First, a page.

Bandit had to have a tooth out recently - one of the two upper canines, which was cracked and broken off at the tip. He'd had the other one removed some time ago so now he has no upper 'fangs', and we've jokingly (but affectionately) started referring to him as 'Toothless Wonder'.
While at the surgery I was chatting to the receptionist who mentioned that one of the previous vets at the practice always said that Siamese and other Orientals had longer canines than other cats, which was why they often broke.
I don't know whether that's true or not but thought I'd do some general research into cats' teeth, so this month's Meezer Musings is about all things dental.
Call the Tooth Fairy!
Photo with thanks to and copyright © Kelly Pino-Garcia
In last year's July newsletter I mentioned a question we'd received on our Facebook page from Kelly (see her photo above) about whether or not kittens lose their baby teeth.
Like humans, cats do actually grow two sets of teeth. The baby teeth start to appear at two weeks old and should all be through by eight weeks.
These teeth fall out between four and six months old, once the adult teeth start to grow in. The teeth aren't always noticeable when they drop though, as in many cases kittens may swallow them. This is quite normal and nothing to worry about.
Occasionally, an adult tooth will grow in alongside the corresponding baby tooth, resulting in two teeth in the same spot. This does need a vet visit, so that the vet can remove the baby tooth if necessary.
Adult cats have 30 teeth - two less than we do. Kittens have 26 baby teeth, which, as we've seen above, are shed as the adult teeth grow in.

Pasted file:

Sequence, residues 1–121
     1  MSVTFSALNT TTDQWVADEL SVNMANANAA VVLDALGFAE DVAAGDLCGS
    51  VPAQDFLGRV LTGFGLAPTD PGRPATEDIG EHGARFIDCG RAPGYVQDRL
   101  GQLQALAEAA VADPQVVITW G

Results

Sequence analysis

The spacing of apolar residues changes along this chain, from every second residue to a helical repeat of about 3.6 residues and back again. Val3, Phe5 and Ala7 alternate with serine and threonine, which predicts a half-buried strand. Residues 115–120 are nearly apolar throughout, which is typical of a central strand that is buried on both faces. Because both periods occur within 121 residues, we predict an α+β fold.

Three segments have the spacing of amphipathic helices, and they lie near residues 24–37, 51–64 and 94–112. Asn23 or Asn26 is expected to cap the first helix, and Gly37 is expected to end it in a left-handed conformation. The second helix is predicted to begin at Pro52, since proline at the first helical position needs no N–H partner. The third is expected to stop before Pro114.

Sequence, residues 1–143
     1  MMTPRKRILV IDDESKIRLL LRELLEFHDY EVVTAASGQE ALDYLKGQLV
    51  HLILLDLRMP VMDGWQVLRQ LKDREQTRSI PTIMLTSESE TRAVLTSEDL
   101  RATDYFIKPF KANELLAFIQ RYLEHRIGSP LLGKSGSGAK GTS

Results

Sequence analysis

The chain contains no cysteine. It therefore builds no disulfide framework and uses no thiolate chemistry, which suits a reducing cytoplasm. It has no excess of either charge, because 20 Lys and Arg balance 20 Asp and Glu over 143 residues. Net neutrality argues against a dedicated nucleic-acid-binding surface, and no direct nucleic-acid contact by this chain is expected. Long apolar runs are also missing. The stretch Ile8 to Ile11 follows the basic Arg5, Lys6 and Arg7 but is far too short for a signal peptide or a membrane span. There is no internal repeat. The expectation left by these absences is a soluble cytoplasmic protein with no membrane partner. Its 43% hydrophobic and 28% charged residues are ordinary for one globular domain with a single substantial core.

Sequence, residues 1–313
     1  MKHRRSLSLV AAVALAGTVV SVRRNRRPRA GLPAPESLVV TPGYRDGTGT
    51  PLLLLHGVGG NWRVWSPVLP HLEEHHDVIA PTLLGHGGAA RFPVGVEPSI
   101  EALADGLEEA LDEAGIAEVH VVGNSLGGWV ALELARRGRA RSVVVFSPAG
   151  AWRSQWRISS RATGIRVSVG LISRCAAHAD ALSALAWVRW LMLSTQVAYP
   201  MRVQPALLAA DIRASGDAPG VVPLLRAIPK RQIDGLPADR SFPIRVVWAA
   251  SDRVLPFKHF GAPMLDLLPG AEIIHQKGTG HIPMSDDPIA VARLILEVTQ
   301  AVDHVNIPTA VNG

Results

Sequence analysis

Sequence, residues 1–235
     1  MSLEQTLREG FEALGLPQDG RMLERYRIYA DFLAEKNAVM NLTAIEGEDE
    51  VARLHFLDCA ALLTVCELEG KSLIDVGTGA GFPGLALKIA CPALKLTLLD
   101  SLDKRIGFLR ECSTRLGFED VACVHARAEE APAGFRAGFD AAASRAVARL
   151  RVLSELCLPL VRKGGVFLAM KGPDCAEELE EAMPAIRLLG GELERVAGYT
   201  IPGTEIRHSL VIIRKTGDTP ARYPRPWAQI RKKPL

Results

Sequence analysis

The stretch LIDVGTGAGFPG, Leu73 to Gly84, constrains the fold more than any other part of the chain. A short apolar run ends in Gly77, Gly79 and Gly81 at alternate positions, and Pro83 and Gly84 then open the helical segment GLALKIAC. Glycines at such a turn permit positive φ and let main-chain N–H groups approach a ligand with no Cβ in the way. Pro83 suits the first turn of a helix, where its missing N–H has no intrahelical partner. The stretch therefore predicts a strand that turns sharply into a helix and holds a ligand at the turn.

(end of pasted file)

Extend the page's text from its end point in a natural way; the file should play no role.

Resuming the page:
These are made up of the incisors - the small front teeth between the canines; the canines - the four large 'fangs'; the premolars - the teeth behind the canines, and finally the molars - at the back of the mouth, one on each side top and bottom, shown in the table below - kittens don't get molars.
As you'll see, there are more teeth on the top than the bottom:
Being strict carnivores, cats' teeth don't have the grinding surfaces found in human molars that are used for chewing plant material; a cat's teeth are all pointed, and designed for gripping prey and tearing meat.
Perhaps because of the shape of their heads, Siamese cats seem to be particularly prone to oral health problems. Keeping your cats' teeth and gums healthy is vitally important to avoid problems like plaque (an accumulation of food and bacteria), tartar (hardened plaque) and gingivitis (inflammation of the gums).
If left untreated, these can lead to more serious health problems including heart, lung, and especially kidney disease, which Siamese cats are particularly prone to anyway, whether or not they have dental problems. So it really pays to look after your cat's teeth.
Dental problems can go undetected if you're not careful, so look out for any of the following and get your cat checked out by a vet immediately if you spot them:
If your cat will allow it, brushing its teeth daily is helpful and if you have a kitten you should get it used to having its teeth brushed while it's still small.
You can buy special toothbrushes designed for cats, as well as fish and chicken-flavored toothpastes. (Never use human toothpaste on any pet.)
Cat toothbrush and fishy paste!
I was recently given the toothbrush and paste above by my vet and we're trying it out. If you're interested in doing the same, check out the C.E.T. Oral Hygiene Kit for Cats on Amazon, where a lot of people have reported good results.
Unfortunately, many cats
just don't like having their teeth brushed! If you're up against a cat